R.M. S. Karunaratne, Notary Public, wasentered into between the defendant and EileenFlorence Marley ?Yes
(c) the defendant abandoned ail steps takenagainst Eileen Florence Marley and H. J. G.
Marley, deceased ?Yes
(19) (a) Has the defendant been released and absolvedfrom liability to pay any sum of money toH. J. G. Marley, deceased, or to EileenFlorence Marley ?No
(6) Is the Estate of H. J. G. Marley, deceased,estopped and barred from making any claimagainst the defendant ?No ” ■
The District Court’s negative answer to issue No. IS (a) was expresslyapproved by the Supreme Court. Therefore the appellant is faced withconcurrent findings of fact against him. There is a well-established rulethat, unless there are sjjecial circumstances, their Lordships’ Board treatquestions of fact on which there have been concurrent findings in theCourts below as conclusively established. Vatcher v. Pauli A.C. 372, 383 J. C. per Lord Parker of Waddington. St. Francis HydroElectric Company Limited v. The King f 1937j 2 All E. R. 541 J. C. perLord Maugham. Yachuk v. Oliver Blais Company Limited A.C. 3S6, 397 J.C. per Lord du Parcq.
Counsel for the appellant, however, has argued that there are specialcircumstances in this case, in that the judges of both the Courts belowmisdirected themselves as to the effect of the evidence relating toissue 18 (a) in that the distinction between the notarial agreement D. 5(t.e., the uritten agreement of 2nd March 1962) and the alleged oralagreement between Mr. Marley and the appellant which preceded D. 5was not sufficiently appreciated.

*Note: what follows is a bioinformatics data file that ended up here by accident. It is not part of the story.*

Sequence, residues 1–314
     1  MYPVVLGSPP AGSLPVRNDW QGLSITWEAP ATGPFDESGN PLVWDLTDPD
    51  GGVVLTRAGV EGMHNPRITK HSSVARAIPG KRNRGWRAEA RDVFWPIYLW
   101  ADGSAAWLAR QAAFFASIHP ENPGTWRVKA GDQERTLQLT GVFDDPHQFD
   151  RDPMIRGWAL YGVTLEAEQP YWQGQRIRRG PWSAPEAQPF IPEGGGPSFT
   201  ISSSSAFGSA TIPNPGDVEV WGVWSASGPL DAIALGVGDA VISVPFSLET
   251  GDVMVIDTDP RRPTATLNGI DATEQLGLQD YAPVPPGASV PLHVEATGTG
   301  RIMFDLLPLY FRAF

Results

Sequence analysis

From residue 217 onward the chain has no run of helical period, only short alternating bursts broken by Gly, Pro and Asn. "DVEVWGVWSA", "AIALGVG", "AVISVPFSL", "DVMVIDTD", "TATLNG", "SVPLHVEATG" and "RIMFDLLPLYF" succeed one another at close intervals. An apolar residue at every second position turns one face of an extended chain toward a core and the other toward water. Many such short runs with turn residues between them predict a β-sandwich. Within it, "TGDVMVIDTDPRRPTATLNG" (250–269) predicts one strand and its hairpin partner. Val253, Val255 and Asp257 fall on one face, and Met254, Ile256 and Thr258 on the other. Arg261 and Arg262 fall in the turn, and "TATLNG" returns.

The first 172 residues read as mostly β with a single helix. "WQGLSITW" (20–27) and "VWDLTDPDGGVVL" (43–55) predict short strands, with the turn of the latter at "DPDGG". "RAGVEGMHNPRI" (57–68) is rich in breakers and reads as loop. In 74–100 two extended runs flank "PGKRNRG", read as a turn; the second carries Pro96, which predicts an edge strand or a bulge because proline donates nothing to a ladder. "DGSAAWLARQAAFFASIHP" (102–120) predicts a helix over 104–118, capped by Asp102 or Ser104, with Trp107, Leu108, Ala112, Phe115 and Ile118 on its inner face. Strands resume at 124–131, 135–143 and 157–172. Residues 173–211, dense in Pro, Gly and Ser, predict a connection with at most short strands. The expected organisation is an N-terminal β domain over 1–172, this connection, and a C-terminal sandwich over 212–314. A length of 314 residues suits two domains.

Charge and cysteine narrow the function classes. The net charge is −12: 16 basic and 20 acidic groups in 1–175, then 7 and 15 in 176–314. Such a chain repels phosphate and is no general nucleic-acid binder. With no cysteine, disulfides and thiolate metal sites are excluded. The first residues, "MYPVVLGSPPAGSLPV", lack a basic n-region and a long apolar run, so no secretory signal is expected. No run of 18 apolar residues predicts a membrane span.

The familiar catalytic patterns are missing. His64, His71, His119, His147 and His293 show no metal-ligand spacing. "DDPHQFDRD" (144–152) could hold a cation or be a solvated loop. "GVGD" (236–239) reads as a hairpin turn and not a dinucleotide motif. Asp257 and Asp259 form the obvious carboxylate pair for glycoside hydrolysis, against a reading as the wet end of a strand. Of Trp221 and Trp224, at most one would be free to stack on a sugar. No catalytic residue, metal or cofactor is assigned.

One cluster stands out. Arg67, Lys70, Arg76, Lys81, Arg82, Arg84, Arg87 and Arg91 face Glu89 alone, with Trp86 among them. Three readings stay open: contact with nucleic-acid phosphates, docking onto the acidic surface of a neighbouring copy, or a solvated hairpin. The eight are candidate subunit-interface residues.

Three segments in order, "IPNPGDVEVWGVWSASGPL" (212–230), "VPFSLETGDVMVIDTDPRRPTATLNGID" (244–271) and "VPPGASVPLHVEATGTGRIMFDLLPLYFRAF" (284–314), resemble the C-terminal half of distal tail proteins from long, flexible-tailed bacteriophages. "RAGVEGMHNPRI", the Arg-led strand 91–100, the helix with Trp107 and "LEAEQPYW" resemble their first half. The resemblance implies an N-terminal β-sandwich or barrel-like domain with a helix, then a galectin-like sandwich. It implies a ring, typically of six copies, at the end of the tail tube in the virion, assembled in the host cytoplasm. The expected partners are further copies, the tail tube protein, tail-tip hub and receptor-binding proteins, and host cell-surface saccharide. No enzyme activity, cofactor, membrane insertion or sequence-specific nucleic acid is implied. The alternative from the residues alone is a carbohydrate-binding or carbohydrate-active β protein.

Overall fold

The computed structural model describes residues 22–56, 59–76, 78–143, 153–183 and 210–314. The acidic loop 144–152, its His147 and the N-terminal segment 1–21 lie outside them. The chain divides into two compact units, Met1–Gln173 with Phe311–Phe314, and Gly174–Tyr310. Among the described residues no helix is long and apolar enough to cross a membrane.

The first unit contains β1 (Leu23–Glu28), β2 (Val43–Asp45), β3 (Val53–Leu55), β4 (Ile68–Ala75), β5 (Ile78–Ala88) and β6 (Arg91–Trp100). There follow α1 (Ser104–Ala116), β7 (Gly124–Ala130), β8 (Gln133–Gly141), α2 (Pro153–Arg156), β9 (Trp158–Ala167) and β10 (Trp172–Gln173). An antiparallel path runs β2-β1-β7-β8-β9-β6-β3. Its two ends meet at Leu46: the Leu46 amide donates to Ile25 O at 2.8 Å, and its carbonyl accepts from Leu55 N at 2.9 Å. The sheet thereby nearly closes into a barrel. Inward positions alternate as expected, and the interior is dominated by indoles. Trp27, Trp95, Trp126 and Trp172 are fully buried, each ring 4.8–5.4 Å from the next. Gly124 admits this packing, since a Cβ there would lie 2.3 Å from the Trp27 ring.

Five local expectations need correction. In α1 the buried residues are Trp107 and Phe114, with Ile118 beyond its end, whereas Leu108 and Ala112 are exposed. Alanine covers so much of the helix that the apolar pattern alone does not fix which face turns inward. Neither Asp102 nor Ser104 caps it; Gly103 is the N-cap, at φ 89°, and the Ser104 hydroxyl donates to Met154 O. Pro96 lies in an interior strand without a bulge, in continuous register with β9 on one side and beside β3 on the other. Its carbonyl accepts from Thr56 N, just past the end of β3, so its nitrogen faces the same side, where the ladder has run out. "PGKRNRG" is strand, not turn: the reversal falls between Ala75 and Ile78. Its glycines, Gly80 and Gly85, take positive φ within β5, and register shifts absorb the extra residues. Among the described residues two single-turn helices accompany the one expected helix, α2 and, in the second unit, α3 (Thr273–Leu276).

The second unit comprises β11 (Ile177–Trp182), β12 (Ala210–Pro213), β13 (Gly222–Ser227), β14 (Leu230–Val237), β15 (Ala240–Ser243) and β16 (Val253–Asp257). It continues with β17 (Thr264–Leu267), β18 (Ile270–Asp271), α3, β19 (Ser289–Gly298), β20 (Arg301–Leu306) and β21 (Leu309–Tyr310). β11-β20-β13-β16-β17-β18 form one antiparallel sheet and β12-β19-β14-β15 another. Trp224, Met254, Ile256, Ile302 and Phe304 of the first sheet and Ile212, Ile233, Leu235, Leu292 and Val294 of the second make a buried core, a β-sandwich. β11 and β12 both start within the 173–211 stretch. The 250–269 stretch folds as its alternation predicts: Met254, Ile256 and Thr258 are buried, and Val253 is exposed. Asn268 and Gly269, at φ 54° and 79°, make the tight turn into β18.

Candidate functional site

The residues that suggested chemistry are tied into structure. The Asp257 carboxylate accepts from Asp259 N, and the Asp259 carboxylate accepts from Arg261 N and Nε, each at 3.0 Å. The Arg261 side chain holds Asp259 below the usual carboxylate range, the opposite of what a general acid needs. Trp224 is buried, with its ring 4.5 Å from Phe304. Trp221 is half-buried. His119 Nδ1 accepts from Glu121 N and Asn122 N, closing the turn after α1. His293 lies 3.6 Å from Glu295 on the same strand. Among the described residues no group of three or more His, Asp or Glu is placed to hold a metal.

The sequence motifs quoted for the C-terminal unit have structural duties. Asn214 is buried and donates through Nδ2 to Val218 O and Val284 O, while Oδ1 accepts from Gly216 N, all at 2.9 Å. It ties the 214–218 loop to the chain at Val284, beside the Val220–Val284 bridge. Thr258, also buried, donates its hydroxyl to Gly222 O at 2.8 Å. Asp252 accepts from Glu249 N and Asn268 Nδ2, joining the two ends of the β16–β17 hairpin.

106LORD PEARSON—Mcllaaratchy v. Kaidoo
There is in the judgment of the District Court some foundation for thisargument, in that the judgment after reviewing the evidence at lengthand dealing very carefully and lucidly with the main question at issue(the question as to the nature of the orginal transaction) dealt rathercryptically with the question whet her Mr. Marlcy had before the conclusionof the written agreement of 2nd March 19G2 agreed to release theappellant from his liabilities to Mr. Marlcy. The learned District Judgemust have had in mind what the question was. The note of the addressof defendant’s (the appellant’s) counsel in reply ended with the words“Mr. Adv. Thiagalingm in reply says that Mr. Marlcy agreed to releasothe defendant from all obligation and that the defendant was absolvedfrom all liability. ” In the judgment the description of the defendant’sevidence includes this passage : “ He agreed with Mr. Marie}' that hewas to be discharged of all obligations in respect of the BorakandaEstate. If that was not agreed he would not have signed the agreement ”.Also issue Ho. IS (a), which has been set out above, was quite clearlyphrased and received the definite answer “No”. The passage in thejudgment giving reasons for the decision is as follows :—